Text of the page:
Writing by Julia Banks // Photograph by Lais Azevedo
I’m the heaviest I’ve ever been.
We’re only talking five or so kilos more since I left home almost three months ago to backpack Europe, but this is difficult for me to admit. It’s strange fitting into a body I’ve never had before; one where the weight shows obviously on my figure – at least in my eyes. This is because it feels physically different, which is odd, but also because I cannot help but see my body as worse than before; as having been better when I was thin, as more desirable, and it’s a feeling I’ve not experienced before.
It’s happened due to a few factors. I’m less active than I was in Melbourne to begin with, my diet hasn’t changed astronomically – I know how to eat well, and my European food indulgences are probably on par with the amount of fast food I ate in Melbourne anyway. But I’ve only been eating two big meals a day for the most part; I’m often hungry as food isn’t always available or affordable when I’m out and about or it’s 11pm in the hostel and I realise I haven’t eaten since 2pm and everything’s shut. Oh, and how could I forget the beer. It’s crazy fucking cheap here.
So there’s that.
Anyway, my body is retaining fat (for the most part, but also the beer) as a survival mechanism, which is normal, healthy, and means it’s working properly. To be honest, I cannot help but hate the way it looks. It’s an ugly feeling to be able to comprehend so logically that the way I feel is a result of a societal construct, and that the way I look actually doesn’t matter – especially a mere difference of five kilos – yet to still hate it?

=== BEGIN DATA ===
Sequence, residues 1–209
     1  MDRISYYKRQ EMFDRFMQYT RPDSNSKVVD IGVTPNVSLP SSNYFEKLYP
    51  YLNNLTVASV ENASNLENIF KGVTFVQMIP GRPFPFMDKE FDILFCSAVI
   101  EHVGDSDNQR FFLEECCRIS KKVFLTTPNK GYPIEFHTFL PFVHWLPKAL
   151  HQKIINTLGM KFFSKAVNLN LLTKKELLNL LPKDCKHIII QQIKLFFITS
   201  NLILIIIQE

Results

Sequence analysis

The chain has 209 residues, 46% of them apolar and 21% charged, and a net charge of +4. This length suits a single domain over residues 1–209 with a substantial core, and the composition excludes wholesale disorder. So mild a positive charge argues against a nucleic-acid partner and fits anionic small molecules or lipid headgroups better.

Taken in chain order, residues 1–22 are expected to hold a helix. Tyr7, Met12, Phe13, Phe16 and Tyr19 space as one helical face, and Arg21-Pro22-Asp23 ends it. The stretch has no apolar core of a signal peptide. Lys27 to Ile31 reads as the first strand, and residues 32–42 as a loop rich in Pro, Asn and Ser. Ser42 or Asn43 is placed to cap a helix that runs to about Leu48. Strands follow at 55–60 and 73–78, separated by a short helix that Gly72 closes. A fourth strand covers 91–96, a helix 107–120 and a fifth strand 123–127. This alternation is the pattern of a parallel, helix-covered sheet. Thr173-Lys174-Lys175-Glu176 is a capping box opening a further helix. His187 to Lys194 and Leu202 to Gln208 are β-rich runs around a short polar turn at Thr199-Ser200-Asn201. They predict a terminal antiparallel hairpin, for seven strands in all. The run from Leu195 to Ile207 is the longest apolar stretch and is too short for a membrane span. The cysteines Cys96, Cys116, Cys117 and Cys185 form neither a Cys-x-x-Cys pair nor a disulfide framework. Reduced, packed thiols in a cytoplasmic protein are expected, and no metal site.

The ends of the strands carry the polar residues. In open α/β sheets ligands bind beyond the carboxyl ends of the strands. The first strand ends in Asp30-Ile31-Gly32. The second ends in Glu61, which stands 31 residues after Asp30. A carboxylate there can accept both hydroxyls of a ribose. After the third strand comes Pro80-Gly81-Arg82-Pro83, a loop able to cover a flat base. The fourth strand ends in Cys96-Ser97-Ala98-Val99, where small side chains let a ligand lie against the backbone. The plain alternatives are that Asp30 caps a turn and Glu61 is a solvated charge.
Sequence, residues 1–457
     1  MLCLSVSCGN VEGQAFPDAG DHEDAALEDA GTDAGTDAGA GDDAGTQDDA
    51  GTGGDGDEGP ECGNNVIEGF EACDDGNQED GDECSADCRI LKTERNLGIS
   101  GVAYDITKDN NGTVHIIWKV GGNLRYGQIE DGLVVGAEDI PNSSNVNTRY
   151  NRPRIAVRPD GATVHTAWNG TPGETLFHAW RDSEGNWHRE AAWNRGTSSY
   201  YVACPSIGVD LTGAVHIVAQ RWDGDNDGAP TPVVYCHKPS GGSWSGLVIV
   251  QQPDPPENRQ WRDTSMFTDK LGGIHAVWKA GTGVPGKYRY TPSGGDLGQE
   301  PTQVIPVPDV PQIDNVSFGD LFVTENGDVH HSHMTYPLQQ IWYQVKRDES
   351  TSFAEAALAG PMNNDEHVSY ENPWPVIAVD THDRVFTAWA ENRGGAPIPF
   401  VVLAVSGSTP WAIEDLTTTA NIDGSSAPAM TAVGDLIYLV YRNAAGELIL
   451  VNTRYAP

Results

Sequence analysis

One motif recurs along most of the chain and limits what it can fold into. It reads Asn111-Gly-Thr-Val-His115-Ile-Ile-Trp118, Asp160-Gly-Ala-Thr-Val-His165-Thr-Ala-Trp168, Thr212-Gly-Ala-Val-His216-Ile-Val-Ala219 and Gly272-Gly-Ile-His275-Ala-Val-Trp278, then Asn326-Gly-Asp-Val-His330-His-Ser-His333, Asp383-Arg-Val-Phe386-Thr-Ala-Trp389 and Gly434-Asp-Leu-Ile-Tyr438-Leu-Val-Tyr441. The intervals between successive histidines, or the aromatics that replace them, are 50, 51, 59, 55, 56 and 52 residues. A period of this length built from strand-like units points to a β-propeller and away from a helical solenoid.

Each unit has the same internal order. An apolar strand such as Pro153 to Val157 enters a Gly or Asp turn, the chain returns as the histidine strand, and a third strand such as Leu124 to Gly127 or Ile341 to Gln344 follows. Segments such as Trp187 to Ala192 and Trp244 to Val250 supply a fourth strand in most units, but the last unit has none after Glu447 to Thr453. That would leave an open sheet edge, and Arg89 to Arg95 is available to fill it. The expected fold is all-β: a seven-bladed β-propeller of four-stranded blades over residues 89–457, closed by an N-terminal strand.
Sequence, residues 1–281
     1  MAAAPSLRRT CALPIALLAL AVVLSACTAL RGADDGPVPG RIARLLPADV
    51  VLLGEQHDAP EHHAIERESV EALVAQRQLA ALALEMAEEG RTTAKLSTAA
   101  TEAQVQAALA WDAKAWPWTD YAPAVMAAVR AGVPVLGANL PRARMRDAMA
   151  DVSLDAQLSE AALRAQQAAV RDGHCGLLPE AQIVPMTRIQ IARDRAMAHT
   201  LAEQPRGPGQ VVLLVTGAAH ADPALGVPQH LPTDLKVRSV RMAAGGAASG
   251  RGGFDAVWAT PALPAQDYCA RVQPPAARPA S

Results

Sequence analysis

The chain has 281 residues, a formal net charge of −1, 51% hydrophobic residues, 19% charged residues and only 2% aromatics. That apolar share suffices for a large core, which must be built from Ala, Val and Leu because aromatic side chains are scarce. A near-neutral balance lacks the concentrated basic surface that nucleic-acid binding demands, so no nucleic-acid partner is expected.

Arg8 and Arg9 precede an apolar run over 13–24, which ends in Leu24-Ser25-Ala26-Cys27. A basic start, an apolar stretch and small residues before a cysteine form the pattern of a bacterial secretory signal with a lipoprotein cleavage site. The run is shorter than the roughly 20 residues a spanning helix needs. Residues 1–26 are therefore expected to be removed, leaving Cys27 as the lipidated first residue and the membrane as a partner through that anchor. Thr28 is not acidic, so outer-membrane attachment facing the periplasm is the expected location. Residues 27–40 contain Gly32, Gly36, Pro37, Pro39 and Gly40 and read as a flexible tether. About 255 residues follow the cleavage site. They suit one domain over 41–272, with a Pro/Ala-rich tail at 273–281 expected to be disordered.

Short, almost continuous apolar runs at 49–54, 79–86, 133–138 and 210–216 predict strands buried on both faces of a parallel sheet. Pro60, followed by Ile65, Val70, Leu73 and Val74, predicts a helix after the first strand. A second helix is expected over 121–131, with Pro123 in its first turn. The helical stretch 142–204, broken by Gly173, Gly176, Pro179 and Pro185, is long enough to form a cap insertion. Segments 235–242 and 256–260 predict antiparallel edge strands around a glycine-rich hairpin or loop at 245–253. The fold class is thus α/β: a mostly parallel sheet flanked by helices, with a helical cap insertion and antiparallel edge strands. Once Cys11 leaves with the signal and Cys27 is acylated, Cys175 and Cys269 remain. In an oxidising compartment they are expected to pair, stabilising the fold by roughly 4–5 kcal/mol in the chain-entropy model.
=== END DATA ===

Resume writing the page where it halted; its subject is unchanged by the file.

It’s not a feeling I understand, because to look the same way my whole life only with the addition of boobs in my teens, and then to have it all change in a matter of months, is weird. It’s weird and it’s scary. But it’s only that way because I automatically began to dislike it, almost overnight. It wasn’t a conscious effort, or a choice, it just happened, because we’re conditioned to feel that bigger equals worse, heavier equals uglier, and that fat gain is always unwanted and should always be attempted to be lost.